22 February 2013: Ben Hayes responds to Nick Cohen's call for the left to 'pick sides' over the Shahbag protests in Bangladesh
Photo: Rajiv Ashrafi/Flickr
I gave up buying the Observer for the same reasons Nick Cohen gave up on the left: the Iraq war, which the paper championed. The joys of social media, however, mean I have kept up with the lengths to which he goes to promote his 'What’s Left?' thesis. In case you missed it, said thesis derives from a refusal to accept the left's opposition to the invasion of Iraq and other 'liberal interventions', which persuaded him that by implication (and via some 'useful idiots') the entire left has lost the plot and tacitly supported/supports Saddam Hussein, the Taliban, Hamas, suicide bombers, Colonel Gaddafi, Bashar al-Assad and so on. While he has made many perfectly reasonable arguments about the need for opponents of imperialism and injustice to apply the same standards to dictators and repressive regimes, the subtext is always the (neo-con) righteousness of war against 'militant Islam', which he equates with fascism.
His latest Observer column, 'The agonies of Bangladesh come to London', broke new ground in terms of dedication to this cause. The crux of its argument is as follows: (1) secular, Tahrir Square-type demonstrations are currently taking place in Shahbag junction in Bangladesh, inspired by a flawed trial for war crimes of members of Jamaat-e-Islami (an organisation that participated in the Pakistan army's horrific atrocities against the uprisings that led to Bangladesh’s independence in 1971); (2) a solidarity demonstration in east London was attacked by stone-throwers on 9 February, allegedly by people sympathetic to Jamaat; (3) the attackers are allegedly connected to a mosque whose establishment has been supported by people on the 'scoundrel left', which supports Bangladeshi 'Islamic extremists'; (4) multiculturalism 'can’t be liberal' because it allows Islamic extremism to flourish; (5) it's 1936 all over again and the left is on the wrong side of history: both in Dhaka and London, liberals must 'pick sides'.
So let’s take the Pepsi Challenge. At face value, #Shahbag is the latest incarnation of a wave of protests that have swept the world since Egyptians flocked to Tahrir Square – it has already been branded a 'Bengal Spring'. Young, liberal, tech-savvy Bangladeshis have occupied Dhaka and refuse to go home until their demands are met; the protests have spread throughout the country. So we’re on their side, right? Of course, except that a large, youthful demonstration does not a Tahrir Square make. Tahrir was primarily about democracy and revolution; Shahbag is first and foremost about vengeance and demands for the death penalty for convicted war criminals. Not an easy one for us liberals, as Nick points out.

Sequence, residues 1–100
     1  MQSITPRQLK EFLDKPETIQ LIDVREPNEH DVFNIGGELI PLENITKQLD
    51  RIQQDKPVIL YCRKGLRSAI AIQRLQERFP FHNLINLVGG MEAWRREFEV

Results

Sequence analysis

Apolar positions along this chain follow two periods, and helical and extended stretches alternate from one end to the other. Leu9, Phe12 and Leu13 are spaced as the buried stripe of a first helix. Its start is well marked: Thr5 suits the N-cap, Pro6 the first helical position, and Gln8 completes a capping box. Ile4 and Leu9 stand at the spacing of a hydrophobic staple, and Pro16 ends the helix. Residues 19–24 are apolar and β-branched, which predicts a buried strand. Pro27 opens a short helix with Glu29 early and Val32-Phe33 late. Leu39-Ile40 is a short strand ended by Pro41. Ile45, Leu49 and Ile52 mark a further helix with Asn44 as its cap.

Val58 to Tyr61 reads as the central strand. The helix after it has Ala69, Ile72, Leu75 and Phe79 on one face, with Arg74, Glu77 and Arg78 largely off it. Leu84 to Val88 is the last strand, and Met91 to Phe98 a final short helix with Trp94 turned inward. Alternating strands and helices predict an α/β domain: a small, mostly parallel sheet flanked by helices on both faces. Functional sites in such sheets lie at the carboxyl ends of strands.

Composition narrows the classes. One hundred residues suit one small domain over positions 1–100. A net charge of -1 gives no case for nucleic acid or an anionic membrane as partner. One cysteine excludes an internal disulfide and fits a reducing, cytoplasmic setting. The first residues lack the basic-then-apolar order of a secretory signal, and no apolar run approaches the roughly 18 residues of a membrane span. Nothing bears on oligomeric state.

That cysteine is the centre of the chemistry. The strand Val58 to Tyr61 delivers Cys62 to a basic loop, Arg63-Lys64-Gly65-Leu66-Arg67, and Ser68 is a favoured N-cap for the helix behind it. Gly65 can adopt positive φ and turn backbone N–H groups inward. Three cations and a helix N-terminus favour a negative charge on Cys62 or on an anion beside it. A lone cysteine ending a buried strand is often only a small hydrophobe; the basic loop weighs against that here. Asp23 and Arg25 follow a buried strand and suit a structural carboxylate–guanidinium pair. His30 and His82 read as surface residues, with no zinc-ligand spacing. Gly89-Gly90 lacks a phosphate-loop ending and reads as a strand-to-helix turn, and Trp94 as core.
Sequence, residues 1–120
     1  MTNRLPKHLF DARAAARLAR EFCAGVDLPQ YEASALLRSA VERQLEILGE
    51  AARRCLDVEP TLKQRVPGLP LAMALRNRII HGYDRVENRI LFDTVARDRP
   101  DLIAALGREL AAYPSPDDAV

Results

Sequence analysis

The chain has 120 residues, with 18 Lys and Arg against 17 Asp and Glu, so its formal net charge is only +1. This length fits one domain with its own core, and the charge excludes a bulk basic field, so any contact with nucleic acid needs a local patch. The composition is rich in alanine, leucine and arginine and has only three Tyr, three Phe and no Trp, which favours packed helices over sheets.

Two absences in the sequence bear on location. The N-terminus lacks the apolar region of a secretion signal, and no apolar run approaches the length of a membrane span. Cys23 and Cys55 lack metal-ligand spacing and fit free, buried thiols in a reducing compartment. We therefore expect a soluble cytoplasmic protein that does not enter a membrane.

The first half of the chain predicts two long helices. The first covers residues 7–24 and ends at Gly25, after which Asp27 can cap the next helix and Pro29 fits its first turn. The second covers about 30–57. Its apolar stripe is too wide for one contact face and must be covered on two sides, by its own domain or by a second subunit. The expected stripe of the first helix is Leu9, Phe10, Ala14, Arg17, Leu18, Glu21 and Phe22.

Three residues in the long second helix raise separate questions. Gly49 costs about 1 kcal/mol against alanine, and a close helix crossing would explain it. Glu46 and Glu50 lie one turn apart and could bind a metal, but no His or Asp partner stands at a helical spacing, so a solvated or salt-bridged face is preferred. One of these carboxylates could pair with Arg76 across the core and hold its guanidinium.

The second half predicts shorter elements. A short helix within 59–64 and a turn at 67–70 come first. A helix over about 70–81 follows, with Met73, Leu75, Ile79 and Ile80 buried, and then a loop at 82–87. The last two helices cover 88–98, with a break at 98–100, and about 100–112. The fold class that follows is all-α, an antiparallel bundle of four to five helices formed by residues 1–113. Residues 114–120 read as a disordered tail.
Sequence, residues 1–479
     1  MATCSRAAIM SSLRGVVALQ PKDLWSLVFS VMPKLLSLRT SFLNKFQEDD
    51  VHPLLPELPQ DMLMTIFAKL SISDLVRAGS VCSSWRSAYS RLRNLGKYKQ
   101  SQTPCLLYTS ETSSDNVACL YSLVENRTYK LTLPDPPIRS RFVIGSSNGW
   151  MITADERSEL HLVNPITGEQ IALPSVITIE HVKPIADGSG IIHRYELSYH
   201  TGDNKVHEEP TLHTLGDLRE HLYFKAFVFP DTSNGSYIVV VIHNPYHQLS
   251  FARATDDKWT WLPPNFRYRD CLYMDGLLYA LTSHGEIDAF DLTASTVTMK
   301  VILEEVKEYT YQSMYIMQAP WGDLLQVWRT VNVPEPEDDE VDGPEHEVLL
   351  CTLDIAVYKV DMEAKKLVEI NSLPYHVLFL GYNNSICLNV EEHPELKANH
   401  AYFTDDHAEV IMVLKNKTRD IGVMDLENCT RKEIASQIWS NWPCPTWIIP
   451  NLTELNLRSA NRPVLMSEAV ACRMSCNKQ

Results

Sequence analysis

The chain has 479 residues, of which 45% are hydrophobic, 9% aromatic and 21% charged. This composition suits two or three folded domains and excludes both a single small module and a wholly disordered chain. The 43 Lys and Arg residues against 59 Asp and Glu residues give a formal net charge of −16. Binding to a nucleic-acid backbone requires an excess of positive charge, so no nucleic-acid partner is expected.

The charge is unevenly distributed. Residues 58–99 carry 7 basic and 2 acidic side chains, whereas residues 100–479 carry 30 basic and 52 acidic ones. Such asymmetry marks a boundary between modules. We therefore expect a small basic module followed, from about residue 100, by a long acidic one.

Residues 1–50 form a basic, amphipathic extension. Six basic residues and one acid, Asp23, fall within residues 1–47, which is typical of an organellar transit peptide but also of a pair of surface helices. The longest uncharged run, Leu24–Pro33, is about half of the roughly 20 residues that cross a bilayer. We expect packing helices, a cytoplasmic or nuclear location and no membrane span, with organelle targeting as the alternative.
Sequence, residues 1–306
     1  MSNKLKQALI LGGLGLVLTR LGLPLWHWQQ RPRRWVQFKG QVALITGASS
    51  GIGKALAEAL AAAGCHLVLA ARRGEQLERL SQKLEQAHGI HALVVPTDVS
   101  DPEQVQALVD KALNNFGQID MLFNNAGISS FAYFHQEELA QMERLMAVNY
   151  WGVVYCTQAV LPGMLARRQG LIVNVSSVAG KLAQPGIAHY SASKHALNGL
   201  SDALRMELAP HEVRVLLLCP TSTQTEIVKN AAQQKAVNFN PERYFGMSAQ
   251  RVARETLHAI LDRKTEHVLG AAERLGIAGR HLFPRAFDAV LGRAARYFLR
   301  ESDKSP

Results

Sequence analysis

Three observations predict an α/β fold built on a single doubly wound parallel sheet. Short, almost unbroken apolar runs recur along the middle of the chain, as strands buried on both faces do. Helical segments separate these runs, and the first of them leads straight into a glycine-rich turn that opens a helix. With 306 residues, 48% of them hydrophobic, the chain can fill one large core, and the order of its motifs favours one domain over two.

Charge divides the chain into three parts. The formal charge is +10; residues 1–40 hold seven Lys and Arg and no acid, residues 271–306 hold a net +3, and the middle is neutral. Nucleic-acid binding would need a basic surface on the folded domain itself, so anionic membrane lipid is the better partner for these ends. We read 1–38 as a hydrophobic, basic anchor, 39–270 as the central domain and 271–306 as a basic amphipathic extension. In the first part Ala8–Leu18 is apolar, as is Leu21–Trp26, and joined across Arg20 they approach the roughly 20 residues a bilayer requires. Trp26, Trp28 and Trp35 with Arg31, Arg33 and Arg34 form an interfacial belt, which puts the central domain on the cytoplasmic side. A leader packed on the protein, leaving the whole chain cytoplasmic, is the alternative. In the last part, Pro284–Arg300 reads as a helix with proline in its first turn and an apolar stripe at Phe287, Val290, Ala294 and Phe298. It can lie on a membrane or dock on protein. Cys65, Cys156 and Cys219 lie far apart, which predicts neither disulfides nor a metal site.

But surely we can fall in line behind the Shahbag demands to expunge Jamaat-e-Islami – the 'Islamo-fascists' – from Bangladeshi public life. Sure, except that the Shahbag protests are not simply or even expressly anti-'Islamist' (a concept that is far easier to reconcile at Harry's Place than in Bangladesh itself, which is of course an overwhelmingly Muslim country); they are against 'Razakars', collaborators and war criminals. And they are against an entire generation of corrupt politicians that has failed to deliver social justice and development following the country’s violent birth – or at least they might be if the ruling Awami League wasn’t backing and exploiting the protests for its own political ends.
This elicits another problem for us liberals: as recently as 1996, Jamaat-e-Islami (JI) was part of the Bangladeshi government, in a coalition with the Bangladesh Nationalist Party (BNP). While all of the major Bangladeshi political parties are seen to harbour war criminals, the Awami League has selectively targeted JI and the BNP for 'accountability' in its discredited tribunals. It is of course horrifying, as Nick Cohen points out, that a prominent Shahbag blogger appears to have met his violent death at the hands of JI sympathisers, but the same organisation cannot be blamed for threats to journalists, the disappearance of opposition BNP members, deaths in police custody or extra-judicial killings. Politics may appear to have taken a back seat since the Shahbag protests erupted, but few would deny that civil war is a distinct possibility. Black and white enough for you to 'pick sides'? What about peace and reconciliation and international law, a solution to which other liberal commentators have pointed?
We should not be deceived: only through the clarity of Nick Cohen’s righteousness can this be reduced to a simple tale of 'liberals' vs. 'Islamists' befitting a 'clash of civilisations'. As for the 'agony' of 'Bangladesh coming to London', all these events really tell us is that diaspora communities bring their politics and their grudges with them (just like political commentators married to simplistic narratives). Using this as a stick to beat British multiculturalism is nothing but shameless politicking. The scoundrel right must be delighted in such articulate bidding.
I am grateful to Suhas Chakma for his comments on a draft of this article.
Ben Hayes is project director at Statewatch and a fellow of the Transnational Institute (Twitter @drbenhayes)
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